He will be hiring many journalists for the initial phase, and see how things develop from there.

Wikitribune will not focus on doing original journalism. It will use the same community model as Wikipedia to put together long-form contextual articles for news events, as well as finding related questions that can be filled in by people at home.

Regarding whether the venture would succeed, Wales stated, “[O]ne of my main questions is the question of scale – I think if we can get to scale, it will be successful. If we aren’t able to produce enough good work early on to persuade people to contribute further support, I think that means that potentially we are going to struggle to get traction. But the response so far to the announcement has been so positive that I’m feeling ok.”

New Website Tracks Government Money at All Levels: USAFacts

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Info on money — revenues and expenses — at all levels of U.S. government is being made freely available in a new website by former Microsoft CEO and current L.A. Clippers owner Steve Ballmer.

The website is USAFacts.org.

Ballmer was not satisfied with the information available through web search. He said the project involved organization and accessible presentation of existing information more than anything else.

The website has interesting presentations of the data. Just for one example, it can be seen how mortgage interest deduction, which can be assessed in terms of how well it promotes home ownership, makes its way to the pockets of the various income brackets.

Facebook: ‘Governments Exploit Us’

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Facebook has acknowledged that they are exploited by governments in manipulating public opinion, and also said they would try to do something about reducing these types of “information operations.”

Governments use Facebook to amplify a view, sow distrust, and spread confusion, according to the company.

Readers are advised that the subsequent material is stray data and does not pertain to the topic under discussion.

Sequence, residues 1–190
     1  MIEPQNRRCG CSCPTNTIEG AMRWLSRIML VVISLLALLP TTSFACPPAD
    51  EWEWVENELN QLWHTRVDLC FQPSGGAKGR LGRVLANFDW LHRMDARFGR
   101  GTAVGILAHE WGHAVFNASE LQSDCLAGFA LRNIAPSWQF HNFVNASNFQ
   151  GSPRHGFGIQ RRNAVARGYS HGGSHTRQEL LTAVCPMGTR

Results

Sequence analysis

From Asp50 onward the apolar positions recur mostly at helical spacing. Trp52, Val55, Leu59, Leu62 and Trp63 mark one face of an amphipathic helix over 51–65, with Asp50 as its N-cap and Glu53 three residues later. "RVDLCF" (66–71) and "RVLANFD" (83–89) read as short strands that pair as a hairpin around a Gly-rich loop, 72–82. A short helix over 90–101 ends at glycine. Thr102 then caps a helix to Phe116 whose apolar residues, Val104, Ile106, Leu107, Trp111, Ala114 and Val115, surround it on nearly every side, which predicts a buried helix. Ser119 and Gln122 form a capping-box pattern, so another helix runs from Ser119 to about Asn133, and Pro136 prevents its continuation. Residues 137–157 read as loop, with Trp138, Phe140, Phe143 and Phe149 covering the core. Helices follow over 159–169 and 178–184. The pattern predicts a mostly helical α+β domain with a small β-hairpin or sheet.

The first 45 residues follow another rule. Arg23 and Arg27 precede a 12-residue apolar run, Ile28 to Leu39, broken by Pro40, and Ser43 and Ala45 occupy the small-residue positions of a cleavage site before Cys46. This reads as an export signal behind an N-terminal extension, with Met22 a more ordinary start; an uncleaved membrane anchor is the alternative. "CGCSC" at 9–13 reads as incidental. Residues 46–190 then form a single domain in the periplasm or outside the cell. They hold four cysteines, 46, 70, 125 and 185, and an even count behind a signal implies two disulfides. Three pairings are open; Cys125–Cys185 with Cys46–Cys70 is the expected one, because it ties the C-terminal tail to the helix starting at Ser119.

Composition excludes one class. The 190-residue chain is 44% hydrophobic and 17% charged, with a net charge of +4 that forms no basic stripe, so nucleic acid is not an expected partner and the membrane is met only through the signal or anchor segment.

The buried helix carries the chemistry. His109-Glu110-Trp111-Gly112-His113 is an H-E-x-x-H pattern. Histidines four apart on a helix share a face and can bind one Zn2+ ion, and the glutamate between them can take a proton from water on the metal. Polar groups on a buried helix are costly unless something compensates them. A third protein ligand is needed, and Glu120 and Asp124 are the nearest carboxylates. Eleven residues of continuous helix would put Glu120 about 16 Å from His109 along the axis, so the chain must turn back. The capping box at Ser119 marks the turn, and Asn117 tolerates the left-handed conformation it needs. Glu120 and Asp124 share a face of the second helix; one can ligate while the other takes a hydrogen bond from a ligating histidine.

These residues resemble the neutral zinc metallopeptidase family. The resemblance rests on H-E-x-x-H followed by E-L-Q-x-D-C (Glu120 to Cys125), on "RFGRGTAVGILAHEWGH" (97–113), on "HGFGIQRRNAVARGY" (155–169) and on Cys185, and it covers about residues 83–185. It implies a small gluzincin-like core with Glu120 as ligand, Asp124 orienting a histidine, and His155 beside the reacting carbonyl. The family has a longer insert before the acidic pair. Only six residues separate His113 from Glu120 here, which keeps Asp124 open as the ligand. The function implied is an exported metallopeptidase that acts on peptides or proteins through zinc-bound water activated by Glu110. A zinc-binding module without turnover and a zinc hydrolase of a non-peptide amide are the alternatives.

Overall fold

Recently, Facebook made an attempt to cut down this use of their platform by suspending 30,000 accounts in France before the French presidential election.

Facebook was a key tool in the campaign of current U.S. President Donald Trump as well, according to his campaign team.

Source: Facebook Newsroom

Turkey Blocks Wikipedia

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A formal judgement has approved the administrative measure, indicating that a permanent restriction is now in place for all language editions of the online encyclopedia in Turkey.

Some are pointing towards Wikipedia’s depiction of Erdogan as a dictator as a cause:

“Erdoğan detractors have noted that under Erdoğan, more journalists have been incarcerated in Turkey than in any other country, including North Korea. Detractors have also pointed out the fact that the April referendum essentially nullified the traditional legal ‘check’ of parliamentary fiscal review, that parliament had previously held over his executive branch of government. Detractors have claimed that Erdoğan’s unceasing efforts at broadening his executive powers while also minimizing his executive accountability may amount to the ‘fall of Turkish democracy,’ and the ‘birth of a dictator.’

“The loss of availability is consistent with internet filters used to censor content in the country,” according to independent, non-partisan network monitoring observatory Turkey Blocks.

“SSL errors are issued for https requests, indicating failing to connect to the authentic servers, while the unencrypted addresses now return an nginx http 404 error indicative of filtering.”